The Washington PostDemocracy Dies in Darkness

Opinion The lessons of an avoidably unseemly Supreme Court retirement

Supreme Court Justice Stephen G. Breyer holds a copy of the Constitution as he announces his retirement at the White House on Jan. 22. (Andrew Harnik/AP)
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There is an unavoidable political aspect to what the Supreme Court does, and the way in which presidents nominate them is highly political. Politics can be nasty. Ergo, it’s lamentable but not surprising that a certain unseemliness surrounded Justice Stephen G. Breyer’s retirement.

This is not the fault of Breyer, 83. Rather, progressive Democrats were determined to eliminate even a theoretical chance that Breyer could remain until Republicans won back the Senate or White House, gaining control over the succession, as happened when Ruth Bader Ginsburg, overconfident that Hillary Clinton would win the 2016 election, lingered into Donald Trump’s presidency — then died in 2020 at 87.

Progressives openly campaigned for Breyer to go. Understandable as it might have been from the Democrats’ perspective, the pressure — including, apparently, a White House leak of his retirement plans — demeaned a decent public servant. And it undercut the message he wanted to emphasize as he left: the need to maximize the court’s political independence, however imperfect it might be.

This is the price we pay for not taking Andrew Johnson’s advice. The 17th president proposed a set of constitutional amendments which would have greatly reduced any drama around Breyer’s retirement, and previous ones, for that matter.

To be sure, Johnson is not usually associated with constitutional reform. Deservedly impeached — and undeservedly acquitted by the Senate — in 1868, Johnson, Abraham Lincoln’s former vice president, who gained the presidency upon Lincoln’s assassination in 1865, was a volatile racist. He opposed the 14th Amendment and other measures providing equal rights for formerly enslaved Black people.

Here's what happens after Justice Stephen G. Breyer retires from the Supreme Court – and how President Biden will pick a successor. (Video: The Washington Post, Photo: Bill O'Leary/The Washington Post)

Yet even history’s odious figures have good ideas, or at least intriguing ones. After surviving impeachment — and learning he would not be any party’s presidential nominee — Johnson offered his constitutional reforms to Congress in July 1868.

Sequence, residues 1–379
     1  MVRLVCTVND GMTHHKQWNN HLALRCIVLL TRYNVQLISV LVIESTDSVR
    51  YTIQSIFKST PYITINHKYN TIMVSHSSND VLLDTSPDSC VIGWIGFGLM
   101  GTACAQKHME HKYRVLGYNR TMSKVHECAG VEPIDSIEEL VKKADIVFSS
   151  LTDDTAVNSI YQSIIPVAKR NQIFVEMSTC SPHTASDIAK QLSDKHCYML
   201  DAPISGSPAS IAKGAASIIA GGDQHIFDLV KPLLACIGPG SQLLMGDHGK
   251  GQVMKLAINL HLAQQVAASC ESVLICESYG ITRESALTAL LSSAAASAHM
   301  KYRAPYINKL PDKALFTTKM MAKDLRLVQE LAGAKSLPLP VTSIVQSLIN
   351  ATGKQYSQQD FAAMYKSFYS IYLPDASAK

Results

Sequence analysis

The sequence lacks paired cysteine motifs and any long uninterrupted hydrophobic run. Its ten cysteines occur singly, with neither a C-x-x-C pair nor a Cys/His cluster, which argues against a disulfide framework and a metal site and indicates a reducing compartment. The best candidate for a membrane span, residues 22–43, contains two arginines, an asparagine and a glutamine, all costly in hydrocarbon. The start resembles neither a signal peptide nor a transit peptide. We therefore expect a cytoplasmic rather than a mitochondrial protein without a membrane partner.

One would have limited all federal judges, including Supreme Court justices, to a single 12-year term. (Upon ratification of the amendment, the president would divide the incumbent judiciary into three groups with terms of four, eight and 12 years each, to jump-start turnover.)

Johnson’s amendment would have precluded today’s ultrahigh stakes Supreme Court politics by turning personnel changes into routine events occurring at staggered — and foreseeable — intervals, without regard to partisan control of the Senate or White House.

The idea looks even more transformational when viewed in conjunction with his other proposed amendments.

Johnson also would have replaced state legislatures’ power to select U.S. senators with direct popular election. And he would have substituted a single, non-repeatable, six-year presidential term for what was then four years with unlimited possibility for reelection.

Neither an electoral college nor a direct election would pick the president. Instead, there would be a hybrid system: The states would still have one elector per senator and representative, but each state would be divided into districts, of equal population, one for each elector; then the districts would choose electors by popular vote. If no candidate got a majority of electoral votes, a runoff between the top two finishers would occur; a runoff tie would go to the candidate who won the most states. (Unlike a direct popular election, this would leave states in charge of the process, with no need for a new federal apparatus.)

Johnson’s motives are not entirely clear, though judicial appointments were a source of major political tension in his time — as in ours. The pro-civil rights “radical” Republican Congress had reduced the Supreme Court to seven members so Johnson could not fill a vacancy. (Congress restored the court to nine when Republican Ulysses S. Grant became president in 1869.)

A pro-Union Democrat from Tennessee, whom Lincoln put on his 1864 ticket to show wartime national unity, Johnson had risen in politics as a supporter of President Andrew Jackson. As he explained in his proposal to Congress, he wanted to avoid a repeat of the 1824 election, which Jackson lost on a vote in the House of Representatives, necessitated because none of four major candidates got an electoral college majority — though Jackson had gotten the most, as well as the most popular votes.

Our current political system actually incorporates Johnson’s plan — partially. Direct election of senators began in 1913, upon ratification of the 17th Amendment. The 22nd Amendment established a two-term limit for presidents in 1951.

On net, this appears marginally to have increased politicization of Supreme Court nominations — by making them an election issue for senators, and forcing presidential turnover, without any offsetting reduction in judicial tenure.

Johnson presented his amendments as a package; in combination, they would make major federal offices both less permanent and more reflective of popular majorities. Very Jacksonian — but not inconsistent with contemporary progressive goals.

They would have obviated hassles over seats on the Supreme Court and, possibly, worse risks, such as — Johnson warned — the election of a president when “the House of Representatives should assume the power arbitrarily to reject the votes of a State which might not be cast in conformity with the wishes of the majority in that body.” Sound familiar?